ATLANTA - Georgia headlines in 2013 marked everything from tragedy and corruption to political surprises and new births.
U.S. Sen. Saxby Chambliss announced that he won't seek a third term, kick-starting a busy 2014 election year for the state.
Famed television cook Paula Deen also saw her career take a turn, though it wasn't voluntary, and the Atlanta Braves shocked baseball fans by announcing plans to leave downtown in favor of a new stadium in suburban Cobb County.
There were plenty of court cases to watch, from a widespread cheating scandal in Atlanta public schools to a trio of high-profile murder trials.
Here's a look at the top stories in Georgia over the last 12 months.
The Republican senator announced in January he wouldn't run for re-election in 2014. The move set up a free-for-all Republican primary that will showcase the divide between tea party conservatives and the business establishment. Democrats hope a Republican melee opens the door for an upset in the general election. Three sitting congressmen headline the Republican field. Democrats' leading hopeful is Michelle Nunn, the daughter of former Georgia Sen. Sam Nunn.
In March, a Fulton County grand jury indicted former Atlanta Public Schools chief Beverly Hall and dozens of other administrators and teachers, accusing them of engineering a sweeping effort to falsify standardized test results. A massive trial is expected in 2014.
The Atlanta Braves had perhaps the most surprising move of the year. No, they didn't win a playoff series. They just announced after months of secret talks with Cobb County leaders plans to move to a suburban stadium and leave downtown, where they've played since moving from Milwaukee in 1966. Cobb taxpayers will own the stadium and pay a significant portion of its construction cost and upkeep. The Braves' departure aside, Atlanta Mayor Kasim Reed managed to keep the NFL's Atlanta Falcons happy. He agreed for the city to cover part of the construction costs for a new retractable-roof stadium to replace the Georgia Dome. Both new stadiums are projected to open in 2017.
In a tense, nationally televised hearing, DeKalb County prosecutors dropped murder charges against Andrea Sneiderman in the 2010 shooting death of her husband, but a jury later convicted the widow for lying about her relationship with the man who killed Rusty Sneiderman in 2010. A judge sentenced her to five years in prison.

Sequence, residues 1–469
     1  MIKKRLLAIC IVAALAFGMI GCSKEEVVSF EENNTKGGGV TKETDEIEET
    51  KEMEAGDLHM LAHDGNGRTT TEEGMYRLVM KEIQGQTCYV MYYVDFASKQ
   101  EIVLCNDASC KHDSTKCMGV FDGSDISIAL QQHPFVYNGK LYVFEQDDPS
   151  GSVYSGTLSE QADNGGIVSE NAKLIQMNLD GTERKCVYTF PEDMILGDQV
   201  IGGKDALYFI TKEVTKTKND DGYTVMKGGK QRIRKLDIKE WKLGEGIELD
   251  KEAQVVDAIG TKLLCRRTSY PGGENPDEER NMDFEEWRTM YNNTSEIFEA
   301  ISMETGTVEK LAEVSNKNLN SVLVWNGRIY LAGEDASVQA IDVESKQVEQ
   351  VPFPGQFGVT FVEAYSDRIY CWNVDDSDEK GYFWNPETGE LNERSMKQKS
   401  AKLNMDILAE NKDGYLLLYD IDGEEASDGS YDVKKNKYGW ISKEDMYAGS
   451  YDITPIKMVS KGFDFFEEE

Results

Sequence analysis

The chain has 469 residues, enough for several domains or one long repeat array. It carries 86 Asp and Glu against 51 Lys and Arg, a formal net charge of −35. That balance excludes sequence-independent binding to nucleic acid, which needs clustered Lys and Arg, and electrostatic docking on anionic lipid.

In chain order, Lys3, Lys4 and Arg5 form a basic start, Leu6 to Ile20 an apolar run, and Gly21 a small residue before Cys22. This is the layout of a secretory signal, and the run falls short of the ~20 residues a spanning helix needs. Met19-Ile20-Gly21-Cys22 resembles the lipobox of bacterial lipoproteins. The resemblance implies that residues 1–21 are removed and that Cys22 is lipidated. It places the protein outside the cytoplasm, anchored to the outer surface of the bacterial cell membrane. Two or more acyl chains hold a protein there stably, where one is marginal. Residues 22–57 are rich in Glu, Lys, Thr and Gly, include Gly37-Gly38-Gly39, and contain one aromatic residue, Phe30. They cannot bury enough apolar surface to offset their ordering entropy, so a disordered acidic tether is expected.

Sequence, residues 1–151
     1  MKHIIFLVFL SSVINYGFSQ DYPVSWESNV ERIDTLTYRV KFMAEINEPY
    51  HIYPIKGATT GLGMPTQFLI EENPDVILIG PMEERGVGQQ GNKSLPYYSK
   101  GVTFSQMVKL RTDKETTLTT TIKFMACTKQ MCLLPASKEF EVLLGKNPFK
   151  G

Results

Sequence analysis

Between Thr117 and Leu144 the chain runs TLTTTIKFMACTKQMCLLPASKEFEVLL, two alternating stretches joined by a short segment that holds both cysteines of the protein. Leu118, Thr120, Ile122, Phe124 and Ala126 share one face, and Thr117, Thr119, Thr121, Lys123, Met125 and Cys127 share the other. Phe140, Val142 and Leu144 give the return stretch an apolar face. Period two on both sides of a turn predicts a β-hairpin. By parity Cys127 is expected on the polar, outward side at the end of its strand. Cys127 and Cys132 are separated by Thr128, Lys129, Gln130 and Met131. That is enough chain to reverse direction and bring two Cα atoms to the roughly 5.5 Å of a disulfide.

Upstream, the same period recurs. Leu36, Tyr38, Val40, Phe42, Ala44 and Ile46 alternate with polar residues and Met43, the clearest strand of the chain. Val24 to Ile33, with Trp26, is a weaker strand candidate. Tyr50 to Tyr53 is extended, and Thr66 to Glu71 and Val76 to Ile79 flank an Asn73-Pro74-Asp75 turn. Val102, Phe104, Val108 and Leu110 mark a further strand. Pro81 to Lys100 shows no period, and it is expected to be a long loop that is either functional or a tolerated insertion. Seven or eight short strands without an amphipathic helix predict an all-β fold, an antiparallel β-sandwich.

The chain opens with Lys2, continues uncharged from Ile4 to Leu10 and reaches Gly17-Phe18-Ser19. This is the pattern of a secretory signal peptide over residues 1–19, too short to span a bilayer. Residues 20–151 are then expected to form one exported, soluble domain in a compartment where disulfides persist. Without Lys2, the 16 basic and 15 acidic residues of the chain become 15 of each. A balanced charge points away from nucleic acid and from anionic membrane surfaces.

The famous cook and restaurateur from Savannah watched part of her empire crumble after damning testimony in a lawsuit accusing her of racial discrimination in the workplace. The suit never reached trial, but Deen's admission that she previously used racial slurs and shared racially charged jokes damaged her brand and cost her business deals with the Food Network, Wal-Mart and Target.
On March 21, a Brunswick mother was pushing her 13-month-old son in a stroller when they were shot in an attempted robbery. Sherry West survived, but her baby, Antonio Santiago, died from a gunshot wound between his eyes. Five months later, a Cobb County jury convicted 18-year-old De'Marquise Elkins of murder. He was sentenced to life without parole. Elkins' alleged accomplice, 15 years old at the time, awaits trial.
In October, a jury in Brunswick convicted Guy Heinze Jr. of killing his father and seven extended family members. He was sentenced to life without parole.
In the spring, Gov. Nathan Deal and Republican leaders of the legislature pushed through an overhaul of Georgia's ethics rules, for the first time setting caps on what lobbyists can spend on lawmakers. Within months, Deal was dogged by reports he and his inner circle interfered with the state Ethics Commission as it conducted a wide-ranging probe of the governor's campaign. Deal denied wrongdoing, but it's been enough to make several challengers think he's vulnerable heading into his 2014 re-election attempt.
Deal likely will have to win a contested Republican primary. And State Sen. Jason Carter, grandson of the former president, has announced plans to seek the seat for Georgia Democrats. Two Georgia legislators, meanwhile, were indicted and later suspended from office.
Testing a contentious new state law for the first time, Deal removed several members of the DeKalb County school board amid allegations of mismanagement and a threat of lost accreditation. He used the law to appoint replacements. The Georgia Supreme Court later upheld the law, rejecting arguments from challengers who said the governor shouldn't have the power to oust locally elected officials.
Zoo Atlanta celebrated the birth of giant panda twins in July. Following Chinese custom, they announced the names 100 days later. They are Mei Lun (pronounced "may loon") and Mei Huan (may hwahn). The names come from an old Chinese saying for something magnificent, but hard to describe. The pair are the first-ever twin panda cubs to survive in the United States.